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Elon Musk celebrates Nikola Tesla's 158th birthday with $1 million museum donation

"Elon Musk: from the deepest wells of my geeky little heart: thank you," wrote Matthew Inman.
By Brooks Hays   |   July 10, 2014 at 5:57 PM   |   Comments

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WASHINGTON, July 10 (UPI) -- Well-known entrepreneur Elon Musk had already given $2,500 to the campaign to buy Nikola Tesla's last living laboratory and turn it into a museum in honor of the oft overlooked inventor. Now, the museum -- well on its way to becoming a reality -- is getting another $1 million from Musk.

The famed investor and innovator donated that smaller initial sum to the original 2012 Indiegogo campaign called "Let's Build a G**damn Tesla Museum." That online campaign received an enthusiastic response from more than just Musk, with online contributors pitching in a cool $1.3 million. The momentum continued after the online campaign ended, as the project has since raised another $8 million.

Now it gets another boost from Tesla Motors and SpaceX CEO Elon Musk, who promised the museum $1 million and a Tesla charging station.

The effort to convert Tesla's Wardenclyffe lab, in Shoreham, New York, into a museum is the doing of Matthew Inman, a self-admitted geek who is most famous for creating the comic-filled website The Oatmeal.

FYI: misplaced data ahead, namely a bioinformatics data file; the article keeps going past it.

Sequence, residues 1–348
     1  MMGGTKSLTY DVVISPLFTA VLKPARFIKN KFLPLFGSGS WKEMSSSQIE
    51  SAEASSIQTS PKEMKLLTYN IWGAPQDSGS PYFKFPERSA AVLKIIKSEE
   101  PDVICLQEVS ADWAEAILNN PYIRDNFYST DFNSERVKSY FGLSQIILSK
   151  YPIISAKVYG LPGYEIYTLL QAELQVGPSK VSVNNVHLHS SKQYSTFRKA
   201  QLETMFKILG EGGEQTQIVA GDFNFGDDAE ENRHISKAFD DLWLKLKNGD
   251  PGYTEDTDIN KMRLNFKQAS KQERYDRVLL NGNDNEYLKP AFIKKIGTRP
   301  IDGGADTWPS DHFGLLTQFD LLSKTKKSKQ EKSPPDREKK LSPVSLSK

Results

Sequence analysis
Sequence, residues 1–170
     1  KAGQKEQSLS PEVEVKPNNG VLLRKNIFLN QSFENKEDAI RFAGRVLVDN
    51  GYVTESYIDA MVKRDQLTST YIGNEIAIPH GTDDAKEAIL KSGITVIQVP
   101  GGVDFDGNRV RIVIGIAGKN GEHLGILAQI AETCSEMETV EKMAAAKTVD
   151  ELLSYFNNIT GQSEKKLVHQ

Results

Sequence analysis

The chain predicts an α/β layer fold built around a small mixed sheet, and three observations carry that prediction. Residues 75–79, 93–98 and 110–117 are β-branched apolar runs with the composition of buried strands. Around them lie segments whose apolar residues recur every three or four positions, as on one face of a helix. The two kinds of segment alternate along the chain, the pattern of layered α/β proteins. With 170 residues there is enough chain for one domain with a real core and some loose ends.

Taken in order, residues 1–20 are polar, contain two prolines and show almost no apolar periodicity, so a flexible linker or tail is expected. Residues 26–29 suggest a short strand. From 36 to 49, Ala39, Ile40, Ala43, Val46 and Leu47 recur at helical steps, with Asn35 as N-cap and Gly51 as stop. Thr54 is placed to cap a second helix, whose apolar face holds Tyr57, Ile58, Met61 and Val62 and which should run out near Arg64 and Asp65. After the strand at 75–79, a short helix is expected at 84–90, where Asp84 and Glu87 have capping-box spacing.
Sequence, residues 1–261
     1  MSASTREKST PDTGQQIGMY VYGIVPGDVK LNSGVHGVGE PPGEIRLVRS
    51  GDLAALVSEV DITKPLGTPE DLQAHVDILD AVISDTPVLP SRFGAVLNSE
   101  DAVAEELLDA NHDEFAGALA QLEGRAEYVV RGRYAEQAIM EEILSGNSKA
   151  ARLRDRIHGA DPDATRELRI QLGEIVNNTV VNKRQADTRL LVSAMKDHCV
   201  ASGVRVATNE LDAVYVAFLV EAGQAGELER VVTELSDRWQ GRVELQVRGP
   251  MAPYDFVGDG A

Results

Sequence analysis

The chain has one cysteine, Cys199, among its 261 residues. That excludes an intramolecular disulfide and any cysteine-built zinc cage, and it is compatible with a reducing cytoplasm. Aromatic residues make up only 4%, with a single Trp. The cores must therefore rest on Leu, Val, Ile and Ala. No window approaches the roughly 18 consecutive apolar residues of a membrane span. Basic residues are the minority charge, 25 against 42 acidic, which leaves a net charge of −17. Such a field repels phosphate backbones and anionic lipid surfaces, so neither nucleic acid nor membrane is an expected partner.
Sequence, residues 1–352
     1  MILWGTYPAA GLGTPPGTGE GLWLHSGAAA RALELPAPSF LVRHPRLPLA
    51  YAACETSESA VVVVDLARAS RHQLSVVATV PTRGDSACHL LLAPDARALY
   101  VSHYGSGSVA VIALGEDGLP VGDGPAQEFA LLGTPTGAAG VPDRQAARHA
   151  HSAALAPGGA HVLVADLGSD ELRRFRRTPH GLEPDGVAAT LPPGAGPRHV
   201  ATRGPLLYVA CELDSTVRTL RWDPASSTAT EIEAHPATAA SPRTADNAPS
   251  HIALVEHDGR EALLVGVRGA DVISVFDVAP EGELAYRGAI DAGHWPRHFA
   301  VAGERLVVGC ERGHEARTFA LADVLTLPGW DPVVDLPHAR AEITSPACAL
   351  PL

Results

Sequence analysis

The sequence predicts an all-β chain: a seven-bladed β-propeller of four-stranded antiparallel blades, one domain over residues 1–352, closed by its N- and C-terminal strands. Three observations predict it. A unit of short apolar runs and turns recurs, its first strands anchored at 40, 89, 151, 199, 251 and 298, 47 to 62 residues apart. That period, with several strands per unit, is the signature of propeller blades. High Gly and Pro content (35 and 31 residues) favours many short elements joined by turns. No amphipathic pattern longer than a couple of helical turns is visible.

Earlier this year, in a comic reviewing the new Tesla Model S, Inman public appealed to Musk for more help. Musk quickly reached out to Inman and said he'd be happy to.

That promise was realized today, confirmed by a tweet and blog post by Inman.


"Elon Musk: from the deepest wells of my geeky little heart: thank you," Inman wrote. "This is amazing news. And it's Nikola Tesla's 158th birthday. Happy Nikola Tesla Day."

Tesla was a Serbian-American engineer and inventor who earned notoriety for early innovations in the field of electricity. He also took to the task of developing wireless communications. But his work was overshadowed by Thomas Edison, and many of his later theories and experiments lost money and further eroded his reputation. Tesla died sick, in debt, and lonely in a New York hotel room.

In recent years, contemporary scientists have begun to express greater appreciation for the inventor, arguing that had his work been better supported during his time, he might have had a more significant influence on the today's phone, data and electricity networks.

Musks' electric car company Tesla Motors is named after the inventor, though none of Tesla's descendants are involved in the enterprise.

Topics: Elon Musk
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